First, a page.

I don't live there, give me my package!
April 2, 2008 8:52 PM   Subscribe

The post office, Google Earth, and all other mapping systems are wrong about my address. Help!

I've tried to have a few packages delivered to an admittedly rurally situated house, but they always end up at a house closer to the main highway. I checked a few online mapping services, and indeed, the house is listed well up the street from where it actually is (in fact, the road is shown to dead-end before you reach my house.) Apparently everyone follows this system, delivers to a house up the street, and goes along their merry way.

I'd considered talking to my local post office, but there's no way I can contact all the different services that will be delivering to my house. I shop online a lot and really need to fix the situation, so neighbors (who aren't particularly trustworthy) don't keep getting my packages. What can I do?
posted by Phyltre to Shopping (14 answers total) 1 user marked this as a favorite
Get a PO Box or deliver to work?
posted by ISeemToBeAVerb at 8:56 PM on April 2, 2008

Tons of map services use Navteq data. Navteq has a Map Reporter section of their website where anyone can report map errors and incorrect address placements.

The process is slow, and it is even slower for the correction to make it out to all the various places that subscribe to their data, but it's easy to do and definitely a start.
posted by everybody polka at 9:06 PM on April 2, 2008 [1 favorite]

I have a similar problem (our house is on an odd intersection and is alternately identified as being on two different streets) and I talked with the U.S. Post Office. Basically the local government insists the house is on one street whereas the USPS says that street address does not exist, and wants to deliver to the other.

After I called, USPS "flagged" the address so that mail addressed to either would get properly delivered. It's worked fine for over a year now, though I suspect mail to the USPS-disfavored address is a little slower.

Anyway it's worth a call to USPS and also maybe checking with the local government regarding what they think is the address (e.g., for property tax purposes). I wouldn't be surprised if UPS and FedEx had some sort of geographic information system for rural areas, so maybe check with them too.
posted by exogenous at 9:10 PM on April 2, 2008

I would do what everybody polka suggests, and in the meantime get a PO Box like ISeemToBeAVerb suggested.
posted by smitt at 9:16 PM on April 2, 2008

Incidentally the other major mapping data provider is TeleAtlas, and they also have their own map reporting system. I don't know who the delivery services use, but I have read that the majority of 911 centers use TeleAtlas data, so it is probably worth correcting there as well.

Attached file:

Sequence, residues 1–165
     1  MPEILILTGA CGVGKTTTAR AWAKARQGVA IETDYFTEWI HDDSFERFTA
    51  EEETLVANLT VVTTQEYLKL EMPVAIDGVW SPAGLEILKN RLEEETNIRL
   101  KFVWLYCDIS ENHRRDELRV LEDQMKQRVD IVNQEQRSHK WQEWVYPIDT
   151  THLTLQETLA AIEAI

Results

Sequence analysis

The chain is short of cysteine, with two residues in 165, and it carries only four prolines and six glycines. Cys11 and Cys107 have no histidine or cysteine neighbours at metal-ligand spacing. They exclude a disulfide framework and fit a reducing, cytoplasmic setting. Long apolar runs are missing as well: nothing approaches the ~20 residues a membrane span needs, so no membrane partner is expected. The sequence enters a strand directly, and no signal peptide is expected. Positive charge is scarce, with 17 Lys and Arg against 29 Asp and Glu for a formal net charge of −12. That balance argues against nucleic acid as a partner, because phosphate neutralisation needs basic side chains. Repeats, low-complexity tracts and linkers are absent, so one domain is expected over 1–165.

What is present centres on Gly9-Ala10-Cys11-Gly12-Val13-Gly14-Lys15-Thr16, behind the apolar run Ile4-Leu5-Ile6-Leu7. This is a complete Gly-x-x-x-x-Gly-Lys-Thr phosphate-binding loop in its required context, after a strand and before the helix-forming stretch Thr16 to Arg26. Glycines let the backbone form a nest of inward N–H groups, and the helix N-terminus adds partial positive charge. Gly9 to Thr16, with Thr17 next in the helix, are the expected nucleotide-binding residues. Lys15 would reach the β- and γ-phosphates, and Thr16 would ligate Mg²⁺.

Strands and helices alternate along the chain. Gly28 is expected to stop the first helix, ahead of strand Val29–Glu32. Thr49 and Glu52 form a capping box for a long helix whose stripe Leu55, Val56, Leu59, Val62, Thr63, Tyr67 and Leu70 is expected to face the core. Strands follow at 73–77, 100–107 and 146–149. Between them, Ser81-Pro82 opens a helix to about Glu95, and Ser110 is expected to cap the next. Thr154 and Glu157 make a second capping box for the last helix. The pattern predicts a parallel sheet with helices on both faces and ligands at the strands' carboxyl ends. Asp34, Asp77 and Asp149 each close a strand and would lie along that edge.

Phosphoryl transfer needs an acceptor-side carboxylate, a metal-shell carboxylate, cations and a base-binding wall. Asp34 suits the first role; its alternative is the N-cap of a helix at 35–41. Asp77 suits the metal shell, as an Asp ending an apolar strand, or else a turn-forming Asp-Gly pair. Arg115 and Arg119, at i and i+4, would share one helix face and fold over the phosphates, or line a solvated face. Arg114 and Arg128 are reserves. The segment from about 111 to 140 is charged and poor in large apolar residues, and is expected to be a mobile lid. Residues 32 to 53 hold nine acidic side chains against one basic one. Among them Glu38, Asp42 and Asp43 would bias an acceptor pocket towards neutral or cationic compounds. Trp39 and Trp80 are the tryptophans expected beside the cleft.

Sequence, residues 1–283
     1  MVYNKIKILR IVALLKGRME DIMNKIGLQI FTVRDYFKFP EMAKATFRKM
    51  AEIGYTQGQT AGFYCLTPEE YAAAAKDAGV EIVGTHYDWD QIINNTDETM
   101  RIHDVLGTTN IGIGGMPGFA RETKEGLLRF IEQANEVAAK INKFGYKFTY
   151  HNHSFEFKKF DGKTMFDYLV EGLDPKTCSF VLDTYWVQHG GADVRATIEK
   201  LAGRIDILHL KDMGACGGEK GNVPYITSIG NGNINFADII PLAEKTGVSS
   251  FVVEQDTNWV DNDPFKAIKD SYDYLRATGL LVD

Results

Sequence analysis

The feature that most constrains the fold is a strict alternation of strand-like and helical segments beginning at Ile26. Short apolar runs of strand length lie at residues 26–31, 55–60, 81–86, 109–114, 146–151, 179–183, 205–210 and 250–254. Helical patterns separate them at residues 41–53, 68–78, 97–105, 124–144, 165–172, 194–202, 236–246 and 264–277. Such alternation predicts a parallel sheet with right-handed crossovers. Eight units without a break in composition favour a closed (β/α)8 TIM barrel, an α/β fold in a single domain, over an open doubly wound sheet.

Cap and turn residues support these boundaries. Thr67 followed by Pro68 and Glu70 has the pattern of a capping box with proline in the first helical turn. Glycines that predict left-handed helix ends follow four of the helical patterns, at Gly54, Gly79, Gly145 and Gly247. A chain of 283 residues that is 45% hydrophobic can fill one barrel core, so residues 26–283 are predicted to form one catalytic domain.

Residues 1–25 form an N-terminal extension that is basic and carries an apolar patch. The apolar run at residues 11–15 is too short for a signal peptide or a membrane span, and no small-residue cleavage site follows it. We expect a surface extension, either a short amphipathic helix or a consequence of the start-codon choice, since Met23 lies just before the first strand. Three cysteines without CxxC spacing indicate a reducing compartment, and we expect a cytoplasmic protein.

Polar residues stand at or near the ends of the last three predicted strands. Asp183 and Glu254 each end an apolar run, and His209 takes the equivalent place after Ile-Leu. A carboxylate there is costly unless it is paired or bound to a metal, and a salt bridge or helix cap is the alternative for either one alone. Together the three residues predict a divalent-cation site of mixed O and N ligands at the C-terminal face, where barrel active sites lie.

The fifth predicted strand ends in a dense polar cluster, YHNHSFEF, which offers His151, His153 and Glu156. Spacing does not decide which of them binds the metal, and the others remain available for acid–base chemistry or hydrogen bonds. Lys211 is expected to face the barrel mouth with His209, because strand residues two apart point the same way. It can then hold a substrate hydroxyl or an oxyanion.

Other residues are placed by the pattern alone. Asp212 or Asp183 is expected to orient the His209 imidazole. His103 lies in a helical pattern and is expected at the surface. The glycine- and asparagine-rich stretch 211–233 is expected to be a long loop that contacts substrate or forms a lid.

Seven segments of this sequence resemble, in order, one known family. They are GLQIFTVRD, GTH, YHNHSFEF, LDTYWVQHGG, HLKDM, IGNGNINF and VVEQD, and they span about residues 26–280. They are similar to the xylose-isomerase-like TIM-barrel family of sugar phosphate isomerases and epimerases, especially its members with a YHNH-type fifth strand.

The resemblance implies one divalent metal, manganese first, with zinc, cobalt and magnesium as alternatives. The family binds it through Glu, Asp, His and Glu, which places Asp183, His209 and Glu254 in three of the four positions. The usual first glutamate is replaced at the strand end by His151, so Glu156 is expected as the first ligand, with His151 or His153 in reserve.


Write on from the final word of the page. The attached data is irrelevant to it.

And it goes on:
posted by everybody polka at 9:51 PM on April 2, 2008 [1 favorite]

Google Maps lets you drag your address to where it really belongs now.

(Search for your address on Google Maps, then click "Edit" and drag your house/marker to its true location. Use the satellite view to bring it to its proper location if the maps view doesn't show the true end of your street. Help page here.)

I don't know what kind of map service the major delivery services use, but this might be a good start?

(Also, you might make friends with the people who generally get your stuff delivered to them. Seems like a good-neighbor sort of strategy is your best bet at present.)
posted by purpleclover at 9:57 PM on April 2, 2008

We have a similar problem, where the road we're on is "xyz Rd" as all the local signage says, but the mapping services and the USPS have it as "xyz Ave" which it was about 40 yrs ago.

The mapping services refuse to fix it until the USPS does, whereas USPS says "it's both xyz Rd and xyz Ave", so they won't fix it.

This leads to weird directions being given by GPS systems which say "Take the XYZ Road exit, and turn right onto XYZ Ave". But all the signage says "XYZ Road", so people get lost.
posted by blue_wardrobe at 10:04 PM on April 2, 2008

Sometimes when you buy stuff online, you can leave delivery instructions, usually for the carrier, like "leave between screen door and main door" or "don't leave in the open". You could try doing that when possible. Something like "Green house further down the road NOT blue house #1234"
posted by gauchodaspampas at 10:10 PM on April 2, 2008

When I have had this problem, rural address that is approximate and people drop packages just about anyplace, I use the second line on my address to explain my house a little more clearly. So my address would read